International relations are still tense following the shocking arrest of journalist Roman Protasevich by the Belarusian government last month, in which it forced the plane he was aboard to land in Minsk.
European and U.S. governments have been engaged in an apparent tit-for-tat with Belarus and Lukashenko's government following the incident.
European Union ambassadors on Friday approved a plan to ban Belarus airlines from flying over EU territory or landing in EU airports. European Union airlines will be prohibited from flying over Belarus as well, according to Reuters.
That impacts about 400 civilian flights that usually fly over Belarus every day, according to European air traffic control agency Eurocontrol. That includes 300 overflights, about 100 operated by EU or British carriers.
On Thursday, the Belarussian government ordered the number of staff at the U.S. embassy in Minsk to be reduced, effective June 13.
The Belarusian Foreign Ministry said it was cutting an unspecified number of both "diplomatic and administrative-technical" staff at the embassy. The agency also announced Belarus would restrict visa procedures and revoke permission for USAID to work in the country.
The moves come after the Biden administration reimplemented full sanctions against nine state-owned enterprises in Belarus, effective Thursday.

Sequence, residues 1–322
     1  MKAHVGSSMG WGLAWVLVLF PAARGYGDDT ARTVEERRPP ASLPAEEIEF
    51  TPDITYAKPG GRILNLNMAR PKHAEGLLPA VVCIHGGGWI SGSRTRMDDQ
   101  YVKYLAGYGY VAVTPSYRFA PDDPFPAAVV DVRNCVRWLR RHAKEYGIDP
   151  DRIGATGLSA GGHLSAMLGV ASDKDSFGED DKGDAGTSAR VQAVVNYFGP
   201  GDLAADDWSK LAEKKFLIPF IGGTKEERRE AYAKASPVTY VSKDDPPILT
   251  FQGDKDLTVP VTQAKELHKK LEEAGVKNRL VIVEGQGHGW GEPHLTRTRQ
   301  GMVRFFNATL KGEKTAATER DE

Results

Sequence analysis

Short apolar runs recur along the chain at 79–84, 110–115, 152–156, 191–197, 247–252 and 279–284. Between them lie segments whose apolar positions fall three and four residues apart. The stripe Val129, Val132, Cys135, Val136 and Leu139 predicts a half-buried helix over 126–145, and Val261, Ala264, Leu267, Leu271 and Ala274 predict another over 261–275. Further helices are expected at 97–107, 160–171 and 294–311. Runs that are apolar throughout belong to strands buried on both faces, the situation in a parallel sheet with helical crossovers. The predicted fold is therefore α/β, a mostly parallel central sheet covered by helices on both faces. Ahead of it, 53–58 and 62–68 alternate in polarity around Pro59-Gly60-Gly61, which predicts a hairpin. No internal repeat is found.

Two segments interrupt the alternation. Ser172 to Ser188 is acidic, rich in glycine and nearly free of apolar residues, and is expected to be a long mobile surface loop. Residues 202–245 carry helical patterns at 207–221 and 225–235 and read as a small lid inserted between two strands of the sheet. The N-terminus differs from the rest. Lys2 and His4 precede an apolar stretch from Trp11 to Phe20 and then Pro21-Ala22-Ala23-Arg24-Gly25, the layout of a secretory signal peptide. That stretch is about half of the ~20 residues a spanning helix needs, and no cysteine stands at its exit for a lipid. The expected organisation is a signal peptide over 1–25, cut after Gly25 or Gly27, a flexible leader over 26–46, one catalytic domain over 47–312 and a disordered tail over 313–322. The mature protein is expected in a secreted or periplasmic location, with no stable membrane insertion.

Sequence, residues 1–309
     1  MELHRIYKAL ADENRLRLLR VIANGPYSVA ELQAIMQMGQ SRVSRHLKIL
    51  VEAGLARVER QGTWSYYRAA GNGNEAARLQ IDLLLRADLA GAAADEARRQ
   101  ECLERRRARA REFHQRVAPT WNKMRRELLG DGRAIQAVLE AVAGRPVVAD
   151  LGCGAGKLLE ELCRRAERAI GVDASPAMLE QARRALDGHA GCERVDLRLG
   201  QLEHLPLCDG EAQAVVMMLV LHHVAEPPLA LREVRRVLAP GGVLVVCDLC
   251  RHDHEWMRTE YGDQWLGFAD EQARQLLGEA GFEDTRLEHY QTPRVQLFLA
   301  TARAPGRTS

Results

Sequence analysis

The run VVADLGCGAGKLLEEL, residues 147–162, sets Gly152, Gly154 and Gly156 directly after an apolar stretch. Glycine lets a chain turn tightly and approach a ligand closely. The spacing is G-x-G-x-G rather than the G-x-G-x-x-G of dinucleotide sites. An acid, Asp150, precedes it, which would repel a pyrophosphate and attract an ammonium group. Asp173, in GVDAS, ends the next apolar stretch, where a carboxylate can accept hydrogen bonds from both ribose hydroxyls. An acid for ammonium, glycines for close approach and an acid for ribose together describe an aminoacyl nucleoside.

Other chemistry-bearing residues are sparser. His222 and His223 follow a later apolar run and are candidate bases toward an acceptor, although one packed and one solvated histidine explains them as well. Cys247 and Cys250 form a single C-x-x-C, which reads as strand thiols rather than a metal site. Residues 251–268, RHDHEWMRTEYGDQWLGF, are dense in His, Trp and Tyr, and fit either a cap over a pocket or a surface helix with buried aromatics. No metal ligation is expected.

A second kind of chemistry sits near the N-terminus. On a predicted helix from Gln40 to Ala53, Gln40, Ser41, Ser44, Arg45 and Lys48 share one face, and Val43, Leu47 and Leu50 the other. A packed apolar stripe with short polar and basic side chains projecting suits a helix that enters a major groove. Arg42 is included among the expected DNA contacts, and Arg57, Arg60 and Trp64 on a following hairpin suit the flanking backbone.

U.S. State Department spokesperson Ned Price blamed Belarus for the poor state of relations, saying it's due to the "relentless and intensifying repression against" Belarussian citizens, culminating in the arrest of Protasevich.
The journalist, is the former editor and founder of Nexta, an anti-regime blog and social media channel that has been instrumental in leading protests against authoritarian President Alexander Lukashenko.
Last month Protasevich was flying from Greece to Lithuania on a Ryanair flight when it was ordered by Belarussian officials to make an emergency landing in Minsk. Authorities boarded the plane under the pretense of a bomb threat and pulled Protasevich and his girlfriend off.
Price says U.S. ambassador Julie Fisher, who has not yet been able to move to Belarus, will continue to support activists from outside the country.
Russia, an ally of Lukashenko, was also briefly engaged in a spat with German airliners this week.
For two days this week, airline traffic between Russia and Germany was suspended. Germany halted landings of Russian airlines in the country because Russia didn't allow arrivals of Lufthansa flights into its airports.
The ministry of transport in Berlin said earlier on Wednesday that Germany had suspended landings of Russian airlines on its territory because Russia allegedly did not authorize arrivals of Lufthansa flights, the largest German airline, into its airports.
Flights resumed on Thursday.